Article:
History of Radio 1934

About the history of radio in 1934, the rise of news programs in radio including a look at Walter Winchell, Lux Radio Theater debuts.



* Radio's first incentive contract went to Eddie Cantor, who picked up an extra $200 for every point over 20 his show scored on the Crossley ratings.

* Greta Garbo, virtually the only film star of the period to refuse to appear on radio, turned down an offer of $25,000 for a single guest shot.

* The leading network, NBC-Red, had not a single daily news series. NBC-Blue had only Lowell Thomas. Boake Carter broadcast for CBS, as did Edwin C. Hill, with occasional nonsponsored comments from H. V. Kaltenborn and others, always in "off" or unimportant time periods.

Most sponsors did not want news programs, despite the fact that news bulletins were available to local stations (for a fee, of course) from Associated Press, United Press, and Independent News Service.

They were not, however, available to the networks. Thus the networks had to gather their own news. This effort was pioneered by A. A. "Abe" Schechter of NBC, originally hired as a publicity writer. CBS competed by hiring Paul W. White, a former UP editor, to set up its news organization.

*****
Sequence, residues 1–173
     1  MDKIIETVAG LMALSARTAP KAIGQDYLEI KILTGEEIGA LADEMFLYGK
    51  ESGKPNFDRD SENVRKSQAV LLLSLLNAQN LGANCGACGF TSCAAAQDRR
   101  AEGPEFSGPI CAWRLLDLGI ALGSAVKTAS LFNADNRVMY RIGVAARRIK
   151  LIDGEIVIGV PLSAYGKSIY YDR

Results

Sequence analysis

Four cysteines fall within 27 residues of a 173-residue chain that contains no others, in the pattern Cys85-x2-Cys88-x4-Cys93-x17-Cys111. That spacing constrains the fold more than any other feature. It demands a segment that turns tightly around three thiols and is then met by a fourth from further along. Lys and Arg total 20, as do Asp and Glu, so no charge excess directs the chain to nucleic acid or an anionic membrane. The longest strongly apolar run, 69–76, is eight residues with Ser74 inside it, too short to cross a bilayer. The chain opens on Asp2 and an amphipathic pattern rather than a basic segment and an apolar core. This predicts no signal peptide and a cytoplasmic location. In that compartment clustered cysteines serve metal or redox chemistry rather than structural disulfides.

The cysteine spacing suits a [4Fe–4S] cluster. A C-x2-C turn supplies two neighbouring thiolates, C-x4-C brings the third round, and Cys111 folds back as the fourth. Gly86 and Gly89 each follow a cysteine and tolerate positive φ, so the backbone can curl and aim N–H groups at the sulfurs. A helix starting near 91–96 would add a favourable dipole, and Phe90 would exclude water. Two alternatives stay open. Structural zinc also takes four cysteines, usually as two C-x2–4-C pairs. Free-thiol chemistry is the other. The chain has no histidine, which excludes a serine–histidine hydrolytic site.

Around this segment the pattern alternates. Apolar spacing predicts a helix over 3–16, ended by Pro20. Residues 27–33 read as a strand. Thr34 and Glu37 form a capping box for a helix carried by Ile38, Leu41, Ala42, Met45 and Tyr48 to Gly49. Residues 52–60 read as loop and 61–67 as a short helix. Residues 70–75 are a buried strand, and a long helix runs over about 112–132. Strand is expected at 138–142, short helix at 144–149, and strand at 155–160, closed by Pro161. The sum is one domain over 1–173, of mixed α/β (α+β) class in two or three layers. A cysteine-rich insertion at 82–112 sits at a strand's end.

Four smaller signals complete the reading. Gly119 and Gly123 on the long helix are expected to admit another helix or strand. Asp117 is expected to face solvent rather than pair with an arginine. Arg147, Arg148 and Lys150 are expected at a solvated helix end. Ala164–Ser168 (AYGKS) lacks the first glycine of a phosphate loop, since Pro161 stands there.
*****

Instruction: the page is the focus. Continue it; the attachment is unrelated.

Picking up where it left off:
Amazingly, when CBS news analyst H. V. (Hans von) Kaltenborn went to Spain to report on the Spanish Civil War, he paid all his own expenses. The 58-year-old Kaltenborn gave two unsponsored newscasts a week--at $50 each--during "off" time slots. He had been with CBS for six years, but he had never been considered a good commercial investment.

Not too many years later, however, Walter Winchell reported weekly earnings above $5,000. Though Winchell broke many important news stories, his program--with his distinctive rapid-fire delivery--concentrated mainly on personalities and gossip. During his famous opening--"Good evening, Mr. and Mrs. North and South America and all the ships and clippers at sea, let's go to press--FLASH!"--he kept up a fierce tapping of telegraph keys, which lent drama and momentum to his 15-minute Jergens Journal.

By the end of 1934, however, several potential sponsors began to express interest in sponsoring news broadcasts.

There was talk of a four-time-a-day news program to be called the Esso Reporter. UP and INS began to sell their news to both radio stations and to the networks, and soon AP followed suit. News broadcasting grew. As Hitler mobilized and Mussolini threatened, the networks stepped up their news-gathering facilities. Half-reluctantly, they grew into news media.

Oct. Louella Parsons, pioneer movie columnist for the Hearst chain, persuaded stars to appear free on her new radio interview show, Hollywood Hotel, until the Radio Guild stepped in four years later to ban gratis performances.

Lux Radio Theatre premiered this month, too, from New York, only to move two years later to Hollywood, where Cecil B. de Mille produced and hosted the show.

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